Beyond the hospital stays and private moments at home, Schumer and Fischer provided access to old home videos and unseen footage from their wedding, including toasts from some of their very famous friends. "The celebrity aspect wasn't the focus, so you kind of forget that along the way. Then maybe you have Jake Gyllenhaal or Jennifer Lawrence pop up, and it's like, 'Oh, yeah. This is what she does.'"

But there was no sensitivity even to their inclusion. "It was never the intention to focus on their friends. It's just their friends are a big part of their lives," Hammer says. "These are their friends. Chris grew up with Jake and Jennifer Lawrence is really great friends with Amy, and you can see how personal those friendships are in just that glimpse."

Extrapolating Amy

"I'm hoping the people that need to see it, see it," Hammer muses on his hopes for the project. "There's a lot of information in there that you might get by accident -- you're not going in for it, but you're going to walk away with a lot -- and I think there are women, if they get in that position, they'll know that they're not alone." (The project has also allowed Schumer to bolster the work of HER Foundation for hyperemesis gravidarum awareness and Every Mother Counts.)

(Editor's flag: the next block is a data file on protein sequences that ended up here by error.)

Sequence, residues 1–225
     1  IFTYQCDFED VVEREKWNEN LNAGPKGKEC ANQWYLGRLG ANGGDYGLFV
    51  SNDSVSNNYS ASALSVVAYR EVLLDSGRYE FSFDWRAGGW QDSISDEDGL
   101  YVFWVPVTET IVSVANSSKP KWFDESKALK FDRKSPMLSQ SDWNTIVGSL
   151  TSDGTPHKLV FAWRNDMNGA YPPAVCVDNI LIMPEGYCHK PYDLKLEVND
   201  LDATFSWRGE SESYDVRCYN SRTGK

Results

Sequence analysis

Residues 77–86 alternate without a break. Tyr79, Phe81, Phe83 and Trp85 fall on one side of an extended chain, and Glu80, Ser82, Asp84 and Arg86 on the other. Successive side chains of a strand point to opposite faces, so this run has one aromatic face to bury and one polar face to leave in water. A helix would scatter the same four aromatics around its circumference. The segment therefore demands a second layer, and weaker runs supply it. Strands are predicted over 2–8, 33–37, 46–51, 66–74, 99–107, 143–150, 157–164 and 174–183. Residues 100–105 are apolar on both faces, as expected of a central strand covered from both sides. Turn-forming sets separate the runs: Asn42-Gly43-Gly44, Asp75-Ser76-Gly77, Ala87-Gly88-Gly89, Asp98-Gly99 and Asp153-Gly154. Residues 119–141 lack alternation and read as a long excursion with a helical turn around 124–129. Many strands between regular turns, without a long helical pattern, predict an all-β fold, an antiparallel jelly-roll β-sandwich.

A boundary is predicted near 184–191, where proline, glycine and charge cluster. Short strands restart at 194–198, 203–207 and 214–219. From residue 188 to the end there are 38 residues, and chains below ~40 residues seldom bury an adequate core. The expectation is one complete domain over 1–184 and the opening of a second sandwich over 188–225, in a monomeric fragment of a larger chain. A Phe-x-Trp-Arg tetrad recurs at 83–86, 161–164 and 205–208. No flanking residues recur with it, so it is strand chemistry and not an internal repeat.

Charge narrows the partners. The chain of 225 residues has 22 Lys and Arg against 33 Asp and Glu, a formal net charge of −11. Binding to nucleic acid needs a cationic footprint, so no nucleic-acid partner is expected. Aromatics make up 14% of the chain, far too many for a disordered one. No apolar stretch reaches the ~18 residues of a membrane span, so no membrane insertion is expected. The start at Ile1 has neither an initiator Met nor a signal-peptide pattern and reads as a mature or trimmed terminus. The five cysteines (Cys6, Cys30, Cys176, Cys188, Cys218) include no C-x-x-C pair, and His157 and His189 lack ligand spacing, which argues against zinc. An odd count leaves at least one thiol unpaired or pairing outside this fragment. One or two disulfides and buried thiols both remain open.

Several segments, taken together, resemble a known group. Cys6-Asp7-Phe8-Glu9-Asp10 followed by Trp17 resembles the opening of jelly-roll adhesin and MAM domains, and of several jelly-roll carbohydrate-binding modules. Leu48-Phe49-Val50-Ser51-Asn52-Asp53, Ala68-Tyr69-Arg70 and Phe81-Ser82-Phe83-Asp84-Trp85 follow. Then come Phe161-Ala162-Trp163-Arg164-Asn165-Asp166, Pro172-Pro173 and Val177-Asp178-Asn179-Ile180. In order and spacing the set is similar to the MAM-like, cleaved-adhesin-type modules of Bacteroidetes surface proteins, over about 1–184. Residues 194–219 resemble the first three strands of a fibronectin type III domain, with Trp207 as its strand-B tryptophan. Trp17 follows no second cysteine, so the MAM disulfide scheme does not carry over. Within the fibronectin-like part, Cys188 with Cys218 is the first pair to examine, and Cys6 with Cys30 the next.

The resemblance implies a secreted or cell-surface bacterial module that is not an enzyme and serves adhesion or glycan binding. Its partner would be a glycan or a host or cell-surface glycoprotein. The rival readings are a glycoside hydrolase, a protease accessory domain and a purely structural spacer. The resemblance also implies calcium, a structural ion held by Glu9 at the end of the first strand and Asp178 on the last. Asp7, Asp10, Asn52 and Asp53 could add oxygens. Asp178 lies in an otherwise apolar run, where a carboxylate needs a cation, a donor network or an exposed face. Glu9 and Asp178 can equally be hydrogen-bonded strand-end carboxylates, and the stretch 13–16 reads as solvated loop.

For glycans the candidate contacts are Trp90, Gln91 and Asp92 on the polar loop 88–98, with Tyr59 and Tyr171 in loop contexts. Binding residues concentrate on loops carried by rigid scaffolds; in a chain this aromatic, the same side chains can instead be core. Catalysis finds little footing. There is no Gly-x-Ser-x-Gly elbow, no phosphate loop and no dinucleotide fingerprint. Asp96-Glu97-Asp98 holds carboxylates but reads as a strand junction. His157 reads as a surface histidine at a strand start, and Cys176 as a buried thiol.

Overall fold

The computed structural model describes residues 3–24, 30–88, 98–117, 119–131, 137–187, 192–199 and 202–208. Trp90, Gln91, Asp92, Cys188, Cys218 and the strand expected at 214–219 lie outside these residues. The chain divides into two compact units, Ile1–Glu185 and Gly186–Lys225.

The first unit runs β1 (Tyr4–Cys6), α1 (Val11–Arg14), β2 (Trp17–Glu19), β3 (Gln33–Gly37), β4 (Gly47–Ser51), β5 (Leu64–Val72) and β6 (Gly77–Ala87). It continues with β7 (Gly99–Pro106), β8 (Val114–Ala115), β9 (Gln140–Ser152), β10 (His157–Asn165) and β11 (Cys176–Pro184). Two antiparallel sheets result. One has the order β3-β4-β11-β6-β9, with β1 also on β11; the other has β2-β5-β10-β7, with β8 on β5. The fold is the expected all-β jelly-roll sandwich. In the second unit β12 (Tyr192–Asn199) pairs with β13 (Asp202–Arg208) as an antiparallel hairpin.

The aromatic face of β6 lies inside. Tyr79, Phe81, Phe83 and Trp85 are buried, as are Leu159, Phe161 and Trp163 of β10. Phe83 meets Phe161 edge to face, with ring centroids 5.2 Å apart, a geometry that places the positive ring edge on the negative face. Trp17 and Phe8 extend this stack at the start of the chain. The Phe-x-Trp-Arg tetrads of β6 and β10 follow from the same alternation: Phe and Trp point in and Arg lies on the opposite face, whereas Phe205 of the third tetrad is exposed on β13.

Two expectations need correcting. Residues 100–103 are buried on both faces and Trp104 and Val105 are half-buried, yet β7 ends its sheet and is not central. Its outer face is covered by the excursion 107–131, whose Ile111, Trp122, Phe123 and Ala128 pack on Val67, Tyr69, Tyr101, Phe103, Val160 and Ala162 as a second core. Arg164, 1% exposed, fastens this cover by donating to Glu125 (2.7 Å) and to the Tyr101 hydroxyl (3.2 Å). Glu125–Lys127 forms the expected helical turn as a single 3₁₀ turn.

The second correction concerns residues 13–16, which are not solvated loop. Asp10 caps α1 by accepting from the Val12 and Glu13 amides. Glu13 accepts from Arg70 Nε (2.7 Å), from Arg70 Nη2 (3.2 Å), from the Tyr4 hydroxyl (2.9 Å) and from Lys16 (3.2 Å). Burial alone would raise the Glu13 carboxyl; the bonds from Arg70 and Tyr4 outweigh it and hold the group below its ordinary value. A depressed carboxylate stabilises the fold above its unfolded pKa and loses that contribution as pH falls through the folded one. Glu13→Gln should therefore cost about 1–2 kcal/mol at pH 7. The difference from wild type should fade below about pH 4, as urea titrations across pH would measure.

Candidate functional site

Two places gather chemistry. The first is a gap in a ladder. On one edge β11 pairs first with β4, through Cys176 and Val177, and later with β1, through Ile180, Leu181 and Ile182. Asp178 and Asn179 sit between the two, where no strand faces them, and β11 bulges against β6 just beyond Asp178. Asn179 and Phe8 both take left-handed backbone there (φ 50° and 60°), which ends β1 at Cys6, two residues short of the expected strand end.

"Then for the general audience," he adds, "I hope they just fall in love. I think they're going to fall in love with Chris. I think they're going to see a side of Amy you wouldn't expect. Because I didn't expect it. I didn't know her personally before this, so to see that, it's pretty special."

All three parts of Expecting Amy are now streaming on HBO Max.